“I’ll just turn it off,” Rodney was saying when Daniel finally found what he was looking for. His head snapped up, finger over the passage, just as McKay slapped the crystal.
Daniel glared at the other man. Never more did he have the urge to deck another human being than right now. His imagination ran away with the thought of his hands tightening around Rodney’s neck as he choked some sense into him. For a genius he sure was stupid sometimes.
“McKay,” he yelled with growing frustration.
The hum grew more intense, the whole room seeming to move with the lights as they pulsed, green now added to the mix. The hairs on his arms stood up and he was sure the fillings would vibrate right out of his teeth. A pain was growing between his temples. He wasn’t sure that was from the device or just the general displeasure of dealing with McKay.
“Why isn’t it turning off?”
“Because that’s not the ‘off’ button.”
“It turned it on.”
“Doesn’t mean it turns it off.”
“Who says they used logic?”
“But-” Rodney stopped at Daniel’s glare before huffing, his arms crossing defiantly over his chest. “Now what?”
Daniel covered his eye roll by rubbing at his throbbing head. “Now we disarm it.”
“Disarm?” Rodney squeaked. The look of sheer terror on his face was well worth it, Daniel thought. “Like a bomb?”
“McKay,” Daniel interrupted before he could start rambling, “just do what I tell you.”
“Me?” He didn’t think the man’s voice could get any higher. “Why me? Why don’t you do it?”
“Can you read Arabic? Because if you can translate this I’ll be more than happy to-” He gestured at the device. It was now switching between four colors and shaking so violently the bolts holding it to the floor were beginning to loosen.
Rodney glared back at him and for a second Daniel thought he might argue but he just gave a defeated huff. “Fine.”
Daniel sighed in relief, sliding his hand over his tired face. The minutes seemed to tick by faster than normal. Sam could probably explain the phenomenon in great detail but he didn’t have time to consider it. He watched Rodney as he carefully removed the lid of the device and began to follow Daniel’s directions. It was nerve-racking. He briefly wondered if Jack ever felt this way as he watched Sam save their asses.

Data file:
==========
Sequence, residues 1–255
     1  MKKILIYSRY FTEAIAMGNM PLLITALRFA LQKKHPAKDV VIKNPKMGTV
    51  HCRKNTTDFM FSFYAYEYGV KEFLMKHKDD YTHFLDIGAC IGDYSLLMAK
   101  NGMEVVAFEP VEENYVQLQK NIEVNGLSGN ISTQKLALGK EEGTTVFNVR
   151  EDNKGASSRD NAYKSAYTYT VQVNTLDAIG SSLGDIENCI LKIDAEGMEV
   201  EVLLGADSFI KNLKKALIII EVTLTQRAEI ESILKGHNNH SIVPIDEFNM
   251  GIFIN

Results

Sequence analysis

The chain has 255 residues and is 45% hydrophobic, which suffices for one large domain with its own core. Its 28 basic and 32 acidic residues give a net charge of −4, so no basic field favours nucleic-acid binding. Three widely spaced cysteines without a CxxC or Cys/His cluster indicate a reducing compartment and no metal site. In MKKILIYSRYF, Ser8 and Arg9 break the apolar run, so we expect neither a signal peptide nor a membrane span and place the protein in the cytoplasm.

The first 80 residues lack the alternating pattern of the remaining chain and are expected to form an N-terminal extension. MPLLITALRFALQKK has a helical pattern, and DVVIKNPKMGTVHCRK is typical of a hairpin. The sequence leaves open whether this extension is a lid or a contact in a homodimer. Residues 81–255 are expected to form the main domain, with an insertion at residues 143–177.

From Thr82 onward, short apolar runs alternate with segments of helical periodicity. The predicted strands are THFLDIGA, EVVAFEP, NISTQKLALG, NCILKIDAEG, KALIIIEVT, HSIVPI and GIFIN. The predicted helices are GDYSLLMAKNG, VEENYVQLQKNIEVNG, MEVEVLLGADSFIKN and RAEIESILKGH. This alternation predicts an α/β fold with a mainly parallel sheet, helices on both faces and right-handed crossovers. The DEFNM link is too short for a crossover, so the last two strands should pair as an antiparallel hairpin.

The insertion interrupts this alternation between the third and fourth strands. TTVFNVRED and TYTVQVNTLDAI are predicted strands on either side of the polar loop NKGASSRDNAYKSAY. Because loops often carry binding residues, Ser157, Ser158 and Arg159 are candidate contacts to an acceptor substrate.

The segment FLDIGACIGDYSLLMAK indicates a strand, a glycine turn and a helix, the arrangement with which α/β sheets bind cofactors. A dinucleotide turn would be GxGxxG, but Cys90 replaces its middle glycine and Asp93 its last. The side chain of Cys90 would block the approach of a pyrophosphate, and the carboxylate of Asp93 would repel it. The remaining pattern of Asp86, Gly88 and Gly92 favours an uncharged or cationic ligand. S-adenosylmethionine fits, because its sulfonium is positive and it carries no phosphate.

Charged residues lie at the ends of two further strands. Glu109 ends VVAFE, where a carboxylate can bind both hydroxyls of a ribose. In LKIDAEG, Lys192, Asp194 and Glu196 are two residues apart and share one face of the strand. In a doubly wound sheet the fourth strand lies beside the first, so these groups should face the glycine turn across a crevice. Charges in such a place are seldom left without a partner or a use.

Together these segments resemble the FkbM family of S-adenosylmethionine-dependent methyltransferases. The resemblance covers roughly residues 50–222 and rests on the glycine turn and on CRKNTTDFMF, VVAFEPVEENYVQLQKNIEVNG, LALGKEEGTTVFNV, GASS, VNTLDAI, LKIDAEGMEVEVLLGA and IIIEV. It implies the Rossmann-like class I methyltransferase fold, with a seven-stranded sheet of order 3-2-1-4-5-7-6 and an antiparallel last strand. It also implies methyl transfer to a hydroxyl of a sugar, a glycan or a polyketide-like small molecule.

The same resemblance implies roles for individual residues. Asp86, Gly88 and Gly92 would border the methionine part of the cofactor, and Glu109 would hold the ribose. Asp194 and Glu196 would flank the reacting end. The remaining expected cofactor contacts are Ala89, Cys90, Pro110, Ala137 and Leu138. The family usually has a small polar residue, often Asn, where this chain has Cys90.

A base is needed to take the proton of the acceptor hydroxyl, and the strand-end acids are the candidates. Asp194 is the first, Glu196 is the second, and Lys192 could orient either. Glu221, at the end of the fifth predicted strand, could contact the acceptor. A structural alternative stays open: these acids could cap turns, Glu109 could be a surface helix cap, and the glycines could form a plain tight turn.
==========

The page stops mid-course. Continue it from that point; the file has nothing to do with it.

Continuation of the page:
“NO! The blue! I said the blue one.”
Rodney froze, his hand over a yellow crystal. “They all look blue.”
The whine of the device was so intrusive now Daniel could barely think. He rubbed at his temples. “McKay we’ve got like thirty seconds-” Suddenly the room went deafening silent. And completely dark except for a thin slice of light coming from the window. Daniel blinked rapidly, momentarily blinded. “What happened?”
“Is that it?” McKay asked at the same moment.
Daniel pressed on his eyes, urging them back to working order. He frowned at the device and back at the book, the words still a blur. “I think so.” He sighed, dropping into a rickety old chair, and tossed the journal onto a pile of books. “Damn that was close.”
McKay collapsed into another chair with a groan, the wood creaking under his weight. He looked deathly pale even in the dim light. They sat in silence for several moments, both lost in thought. Daniel was getting too old for this.
“How about we not mention this to the others?” Rodney said rather suddenly, his voice sounding loud in the now quiet room.
Daniel rubbed at his eyes again. His insides were still vibrating, his head pounding. “Fine by me.”
Rodney let out an obvious sigh of relief, leaning back in his chair. A loud crack filled the room followed by and even louder yelp of surprise. When the dust cleared Daniel found Rodney sitting on a pile of debris, a look of horror on his dirty face. He coughed, waving the particles away from his face. “We won’t mention this either.”
Daniel tried not to laugh, relief causing a flood of giddiness coursing through him. He snorted at a peeved looking McKay. “Not a chance.”